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Essential books about linguistics

  Tags: Linguistics | Book
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fortheo
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 Message 1 of 23
24 April 2015 at 4:15am | IP Logged 
Hi, hopefully this is the right forum for this question. I'm looking for some essential books or articles about linguistics. When I say essential, I mean the most influential. I've taken a sociolinguistics class and a teaching ESL class in the past and every single reading had various other articles or books linked into it; it's like one article branches off into a thousand other directions, and then those articles branch off some more etc etc. I feel like I can never connect all the dots, and because of that my knowledge feels like it has a lot of holes in it.

I was hoping someone could suggest important and influential linguistics books or articles. If you do say a linguist, please list the name of the book or article I should read. Also, I'd kind of like to start back in history some time and kind of work my way up to present time.

Thanks for any help. This subject is really hard to get into; reading academic papers is almost as difficult as learning a new language.

Edited by fortheo on 24 April 2015 at 4:31am

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Talib
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 Message 2 of 23
24 April 2015 at 5:51am | IP Logged 
Thanks for bringing this up. I am also interested in learning about the influential works.

fortheo wrote:
This subject is really hard to get into; reading academic papers is almost as difficult as learning a new language.


That is definitely true. Reading academic articles was nearly incomprehensible to me at first. I still do not understand them properly, but I think that reading introductory textbooks in the various branches of Linguistics can make it easier to understand the terminology.
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Arthaey
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 Message 3 of 23
24 April 2015 at 5:01pm | IP Logged 
David Crystal has written a number of accessible linguistics books. For a very broad and non-technical intro
to linguistics, check out his Cambridge Encyclopedia of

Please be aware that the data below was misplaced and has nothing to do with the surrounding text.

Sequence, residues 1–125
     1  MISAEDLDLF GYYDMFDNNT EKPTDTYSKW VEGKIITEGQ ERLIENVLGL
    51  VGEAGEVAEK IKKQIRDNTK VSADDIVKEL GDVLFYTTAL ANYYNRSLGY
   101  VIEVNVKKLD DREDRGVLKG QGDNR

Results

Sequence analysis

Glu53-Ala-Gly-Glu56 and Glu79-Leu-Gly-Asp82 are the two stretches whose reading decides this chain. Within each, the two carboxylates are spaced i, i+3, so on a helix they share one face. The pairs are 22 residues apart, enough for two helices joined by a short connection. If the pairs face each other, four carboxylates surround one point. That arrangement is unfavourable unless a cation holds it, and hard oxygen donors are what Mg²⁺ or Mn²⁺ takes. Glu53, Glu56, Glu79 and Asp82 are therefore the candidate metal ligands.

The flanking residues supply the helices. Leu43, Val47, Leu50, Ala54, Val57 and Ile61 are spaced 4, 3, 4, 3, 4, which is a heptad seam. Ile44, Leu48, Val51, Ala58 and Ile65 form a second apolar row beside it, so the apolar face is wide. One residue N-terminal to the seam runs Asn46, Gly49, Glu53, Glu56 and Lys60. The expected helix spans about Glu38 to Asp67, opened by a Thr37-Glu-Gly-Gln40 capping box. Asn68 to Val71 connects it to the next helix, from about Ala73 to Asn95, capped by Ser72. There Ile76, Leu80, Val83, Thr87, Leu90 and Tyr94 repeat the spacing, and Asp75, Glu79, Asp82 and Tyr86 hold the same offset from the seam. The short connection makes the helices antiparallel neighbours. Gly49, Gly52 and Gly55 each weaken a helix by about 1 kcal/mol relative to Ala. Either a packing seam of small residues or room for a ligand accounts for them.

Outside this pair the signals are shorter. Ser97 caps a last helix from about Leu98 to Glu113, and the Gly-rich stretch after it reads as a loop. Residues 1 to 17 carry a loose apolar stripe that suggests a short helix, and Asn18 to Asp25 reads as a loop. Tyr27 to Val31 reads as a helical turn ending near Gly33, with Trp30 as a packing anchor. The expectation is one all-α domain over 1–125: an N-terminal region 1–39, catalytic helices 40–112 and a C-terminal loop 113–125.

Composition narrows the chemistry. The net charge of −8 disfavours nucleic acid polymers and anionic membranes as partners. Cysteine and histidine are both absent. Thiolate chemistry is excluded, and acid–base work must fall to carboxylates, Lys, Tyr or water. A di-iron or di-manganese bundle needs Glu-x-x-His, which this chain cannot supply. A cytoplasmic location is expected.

Language
.
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Chung
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 Message 4 of 23
24 April 2015 at 5:36pm | IP Logged 
There's also some quite good stuff about linguistics available online. Since the time I found it, I've recommended this book (manuscript) used for an introductory linguistics course at the University of Oslo. It's not so much influential as much it represents mainstream linguistic thinking circa 2005. The authors also provide suggestions for additional reading organized by the manuscript's chapters.

There's also this collection of legally available linguistics e-books with this one being an introductory textbook.

The Florida Linguistics Association has a list of whom it deems to be the most notable linguists


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vell
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 Message 5 of 23
26 April 2015 at 12:31am | IP Logged 
Before you can read the essential books and articles, you'll have to start by reading
general introductory stuff. I think Language Files would be a good place to start. You
could start by that and then if you find a subfield that's interesting you could look for
intermediate books in that area. Linguistics is too broad to recommend anything specific
without knowing what exactly you're looking for.
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anamsc2
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 Message 6 of 23
26 April 2015 at 2:01pm | IP Logged 
I second the suggestion for Language Files. It gives a really good, broad introduction of the main areas of linguistics. Another option would be to read Wikipedia articles on the main subfields, or take a MOOC with an introduction to linguistics (like this one).

Once you have a good enough background in linguistics that you know the subfields and the basic terminology, you can pick out what you are interested in and find the important articles for that field.

Or, if you know what subfield you are interested in already, let us know and I'm sure people will be able to give you more specific recommendations.
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Talib
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 Message 7 of 23
26 April 2015 at 6:21pm | IP Logged 
anamsc2 wrote:
Or, if you know what subfield you are interested in already, let us know and I'm sure people will be able to give you more specific recommendations.


Does anyone have recommendations for books about syntactic theories/generative grammar or for Computational Linguistics?
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anamsc2
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 Message 8 of 23
26 April 2015 at 7:53pm | IP Logged 
If it's just generative grammar you're interested in, I'd recommend Syntax: A Generative Introduction as a good intro. This book doesn't have any mention of the many other important theories of syntax, though.

For computational linguistics, I like Speech and Language Processing for an applied approach (more NLP than CL, I guess). For a more theoretical approach, Computational Linguistics: An Introduction is pretty well-known.


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